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How is CLE credit calculated for teaching a law course part-time at a university, college, or community college? 

Supreme Court Rule(s) cited in this FAQ: Rule 795.

Total teaching credit for a qualifying law course at one of these institutions equals actual presentation time. Preparation time does not earn credit. The attorney earns full credit for the first time teaching a course then earns one-half credit for teaching the same course a second time.  After the second time, no more credit is earned for teaching that same course. Rule 795(d)(6)(ii)

An attorney can only earn new credit for teaching that course by making substantial (large) and substantive (meaningful) changes to it. “Substantial and substantive changes” is determined by the teaching attorney, but the MCLE Board sees it as revising content in a thorough and detailed manner to reflect, for example, new statutes, new court opinions, new regulations, revised procedures, or new guidance.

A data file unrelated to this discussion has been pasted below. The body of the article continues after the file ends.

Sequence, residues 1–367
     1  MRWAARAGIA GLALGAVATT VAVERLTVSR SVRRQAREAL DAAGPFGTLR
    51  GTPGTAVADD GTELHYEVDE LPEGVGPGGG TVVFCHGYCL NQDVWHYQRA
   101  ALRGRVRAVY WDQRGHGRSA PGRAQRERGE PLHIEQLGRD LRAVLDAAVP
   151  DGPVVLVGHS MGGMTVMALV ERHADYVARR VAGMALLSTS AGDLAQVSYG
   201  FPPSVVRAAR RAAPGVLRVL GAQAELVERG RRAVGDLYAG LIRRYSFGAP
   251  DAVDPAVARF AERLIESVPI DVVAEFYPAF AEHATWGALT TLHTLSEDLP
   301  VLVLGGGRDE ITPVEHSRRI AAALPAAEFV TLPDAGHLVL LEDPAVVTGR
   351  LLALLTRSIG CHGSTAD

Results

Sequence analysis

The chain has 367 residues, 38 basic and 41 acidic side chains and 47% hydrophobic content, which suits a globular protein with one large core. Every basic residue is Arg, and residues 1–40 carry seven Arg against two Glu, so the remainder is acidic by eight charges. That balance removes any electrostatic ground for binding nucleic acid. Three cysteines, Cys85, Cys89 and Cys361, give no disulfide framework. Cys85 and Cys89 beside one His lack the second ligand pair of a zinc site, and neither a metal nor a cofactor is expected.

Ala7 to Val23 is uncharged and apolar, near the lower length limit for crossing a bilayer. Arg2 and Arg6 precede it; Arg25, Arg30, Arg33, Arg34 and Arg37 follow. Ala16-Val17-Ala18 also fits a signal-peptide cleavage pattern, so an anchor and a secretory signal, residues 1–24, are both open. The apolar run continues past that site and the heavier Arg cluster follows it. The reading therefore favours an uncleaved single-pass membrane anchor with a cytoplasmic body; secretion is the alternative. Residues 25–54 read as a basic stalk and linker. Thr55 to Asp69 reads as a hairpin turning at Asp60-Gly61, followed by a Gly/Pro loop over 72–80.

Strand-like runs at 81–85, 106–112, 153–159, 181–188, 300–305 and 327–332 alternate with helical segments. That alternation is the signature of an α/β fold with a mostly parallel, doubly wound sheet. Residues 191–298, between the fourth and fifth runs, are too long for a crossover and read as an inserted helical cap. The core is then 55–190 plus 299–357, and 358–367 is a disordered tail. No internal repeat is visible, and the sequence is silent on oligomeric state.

If audited, the attorney will be asked to support the claim that the course has been changed in this way. Rearranging the same content, changing font size or type, and making minor edits or additions are not considered substantial and substantive changes.

Claiming CLE Credit for teaching a qualifying law course

For the attorney to claim credit, the qualifying school must give the attorney a certificate stating that the attorney taught a law course at that school. We strongly suggest the school use the Board’s form certificate. If another certificate is used, it must contain all the information required on the Board’s form certificate

An attorney must also report the CLE credit they claim for teaching a qualifying law course to the MCLE Board. 

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